More than half of construction businesses think that construction activity will rise over the next 12 months, according to the latest figures from Markit/Chartered Institute of Purchasing & Supply.
The latest Markit/CIPS Purchasing Managers Index found that 59 per cent of surveyed businesses anticipate a rise in construction activity in the next year, the highest degree of positive sentiment since January 2007.
Volumes of new work were found to increase for the 11th successive month, and this rise also contributed to a sharp increase in employment numbers across the sector, the survey found.
The index showed once again a growth in construction activity for March 2014, registering at 62.5 (any figure above 50 denotes growth). This was virtually unchanged from February, but a slower rate of growth than the peak of 64.6 in January, though the index has shown growth in industry activity for 11 successive months.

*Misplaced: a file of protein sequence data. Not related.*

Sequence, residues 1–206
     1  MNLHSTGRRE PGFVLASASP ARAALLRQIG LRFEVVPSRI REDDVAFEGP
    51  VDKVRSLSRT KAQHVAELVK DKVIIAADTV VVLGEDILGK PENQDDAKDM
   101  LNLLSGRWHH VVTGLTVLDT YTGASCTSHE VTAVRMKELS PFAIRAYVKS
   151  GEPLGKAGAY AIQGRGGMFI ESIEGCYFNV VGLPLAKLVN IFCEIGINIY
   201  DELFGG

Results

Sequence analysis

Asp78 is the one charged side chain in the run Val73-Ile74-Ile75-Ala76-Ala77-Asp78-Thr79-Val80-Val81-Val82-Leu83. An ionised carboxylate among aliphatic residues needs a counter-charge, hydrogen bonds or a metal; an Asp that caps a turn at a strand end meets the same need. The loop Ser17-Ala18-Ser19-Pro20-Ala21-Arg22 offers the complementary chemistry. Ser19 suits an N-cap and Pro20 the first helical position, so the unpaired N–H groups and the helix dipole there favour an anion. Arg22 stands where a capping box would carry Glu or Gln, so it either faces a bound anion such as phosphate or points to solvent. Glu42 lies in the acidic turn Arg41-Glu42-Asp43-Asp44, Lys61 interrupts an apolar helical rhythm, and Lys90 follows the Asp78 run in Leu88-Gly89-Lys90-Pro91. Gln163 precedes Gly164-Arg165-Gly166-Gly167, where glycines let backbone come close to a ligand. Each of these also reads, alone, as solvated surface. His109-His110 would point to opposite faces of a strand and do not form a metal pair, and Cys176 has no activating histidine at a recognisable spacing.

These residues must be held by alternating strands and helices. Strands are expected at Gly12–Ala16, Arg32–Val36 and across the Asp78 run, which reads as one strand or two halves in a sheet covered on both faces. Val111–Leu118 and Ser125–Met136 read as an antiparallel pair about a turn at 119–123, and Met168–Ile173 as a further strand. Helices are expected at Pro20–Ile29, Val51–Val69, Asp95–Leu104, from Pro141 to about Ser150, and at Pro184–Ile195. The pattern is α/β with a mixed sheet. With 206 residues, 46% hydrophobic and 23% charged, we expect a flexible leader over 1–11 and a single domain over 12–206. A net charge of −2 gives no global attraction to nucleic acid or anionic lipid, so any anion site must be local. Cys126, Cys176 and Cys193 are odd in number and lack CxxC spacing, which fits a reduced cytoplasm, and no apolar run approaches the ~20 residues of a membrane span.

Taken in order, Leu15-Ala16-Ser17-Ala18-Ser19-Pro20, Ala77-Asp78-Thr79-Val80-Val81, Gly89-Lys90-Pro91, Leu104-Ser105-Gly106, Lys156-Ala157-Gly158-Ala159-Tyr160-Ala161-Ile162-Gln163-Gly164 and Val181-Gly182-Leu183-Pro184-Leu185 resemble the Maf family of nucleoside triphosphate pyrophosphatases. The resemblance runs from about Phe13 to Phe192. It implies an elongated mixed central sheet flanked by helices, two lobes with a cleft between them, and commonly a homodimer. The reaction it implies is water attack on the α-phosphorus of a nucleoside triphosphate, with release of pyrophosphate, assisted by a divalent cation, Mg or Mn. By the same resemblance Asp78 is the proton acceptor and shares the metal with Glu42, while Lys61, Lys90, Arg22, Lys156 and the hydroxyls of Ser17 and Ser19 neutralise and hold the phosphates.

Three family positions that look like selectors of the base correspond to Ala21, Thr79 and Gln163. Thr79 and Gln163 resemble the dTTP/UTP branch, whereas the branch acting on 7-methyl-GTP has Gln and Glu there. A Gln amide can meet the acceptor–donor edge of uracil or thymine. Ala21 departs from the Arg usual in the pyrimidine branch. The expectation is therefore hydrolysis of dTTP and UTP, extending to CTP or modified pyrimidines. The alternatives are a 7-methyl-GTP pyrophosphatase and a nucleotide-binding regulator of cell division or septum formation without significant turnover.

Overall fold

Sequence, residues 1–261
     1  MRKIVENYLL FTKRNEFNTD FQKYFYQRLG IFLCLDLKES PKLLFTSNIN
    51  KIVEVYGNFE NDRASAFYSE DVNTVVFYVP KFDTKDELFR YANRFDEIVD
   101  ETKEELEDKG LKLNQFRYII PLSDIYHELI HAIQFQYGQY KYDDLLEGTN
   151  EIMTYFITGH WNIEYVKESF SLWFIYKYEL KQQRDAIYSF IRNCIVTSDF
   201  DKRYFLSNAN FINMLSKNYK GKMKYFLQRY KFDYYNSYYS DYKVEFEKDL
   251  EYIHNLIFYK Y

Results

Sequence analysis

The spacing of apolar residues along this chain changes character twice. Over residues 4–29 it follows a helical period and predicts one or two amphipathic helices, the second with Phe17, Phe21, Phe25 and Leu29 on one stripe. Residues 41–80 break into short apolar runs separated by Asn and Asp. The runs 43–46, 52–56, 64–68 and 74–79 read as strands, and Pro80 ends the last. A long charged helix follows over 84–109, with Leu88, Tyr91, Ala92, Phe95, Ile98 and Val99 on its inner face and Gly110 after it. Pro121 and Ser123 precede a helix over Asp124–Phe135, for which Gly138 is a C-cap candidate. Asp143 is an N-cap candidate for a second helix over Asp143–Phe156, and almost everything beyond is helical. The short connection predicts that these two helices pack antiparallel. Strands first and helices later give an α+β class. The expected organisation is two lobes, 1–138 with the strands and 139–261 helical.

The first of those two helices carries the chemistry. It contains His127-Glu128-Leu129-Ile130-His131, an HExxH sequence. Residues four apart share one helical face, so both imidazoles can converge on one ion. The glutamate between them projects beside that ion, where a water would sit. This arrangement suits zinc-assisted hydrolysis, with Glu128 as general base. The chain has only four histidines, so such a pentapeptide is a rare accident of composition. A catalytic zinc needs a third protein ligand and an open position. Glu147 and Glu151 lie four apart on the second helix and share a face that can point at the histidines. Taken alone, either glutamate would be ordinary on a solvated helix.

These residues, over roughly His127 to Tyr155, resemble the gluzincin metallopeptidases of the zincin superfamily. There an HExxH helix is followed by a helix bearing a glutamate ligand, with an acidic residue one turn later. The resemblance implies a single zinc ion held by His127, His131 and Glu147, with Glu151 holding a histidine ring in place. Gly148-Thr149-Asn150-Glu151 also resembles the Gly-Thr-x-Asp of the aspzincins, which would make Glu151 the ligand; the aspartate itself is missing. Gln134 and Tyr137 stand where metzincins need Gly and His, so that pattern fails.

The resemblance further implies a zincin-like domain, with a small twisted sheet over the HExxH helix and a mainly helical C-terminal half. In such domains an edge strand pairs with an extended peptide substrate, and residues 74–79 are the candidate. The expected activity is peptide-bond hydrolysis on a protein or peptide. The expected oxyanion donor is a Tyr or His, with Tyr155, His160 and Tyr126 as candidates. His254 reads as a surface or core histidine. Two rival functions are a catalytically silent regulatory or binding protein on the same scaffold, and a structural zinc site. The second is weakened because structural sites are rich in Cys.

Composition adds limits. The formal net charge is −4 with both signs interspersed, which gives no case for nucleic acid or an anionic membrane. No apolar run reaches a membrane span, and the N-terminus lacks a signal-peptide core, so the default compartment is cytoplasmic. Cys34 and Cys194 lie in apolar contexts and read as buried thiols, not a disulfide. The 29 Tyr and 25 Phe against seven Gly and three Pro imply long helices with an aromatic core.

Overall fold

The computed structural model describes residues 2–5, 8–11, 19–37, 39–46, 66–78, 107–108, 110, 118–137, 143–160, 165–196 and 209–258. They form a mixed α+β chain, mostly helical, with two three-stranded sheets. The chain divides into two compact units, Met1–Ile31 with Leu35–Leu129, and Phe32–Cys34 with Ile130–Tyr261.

Housing activity was the best performing sector for growth, while commercial expanded sharply. Civil engineering slowed down after a record high in February owing to flood relief work.
However, lead times for materials deliveries lengthened by their second fastest rate since July 1997, with respondents reporting pressures on supplier capacity, while sub-contractor availability dropped by its fastest rate since September 2000.
Markit senior economist Tim Moore said: “Expectations for construction growth over the year ahead have now reached their highest since the start of 2007, and a strong pipeline of new work is fuelling job creation across the sector.
“However, the latest survey does little to dispel concerns that supplier capacity will become a fly in the ointment. Lead-times for the delivery of construction materials lengthened in March by one of the greatest amounts since the survey began in April 1997, while sub-contractor availability fell at the fastest rate for thirteen-and-a-half years.
Thinking about a new start in your career? Find your next construction role with our job board Careers in Construction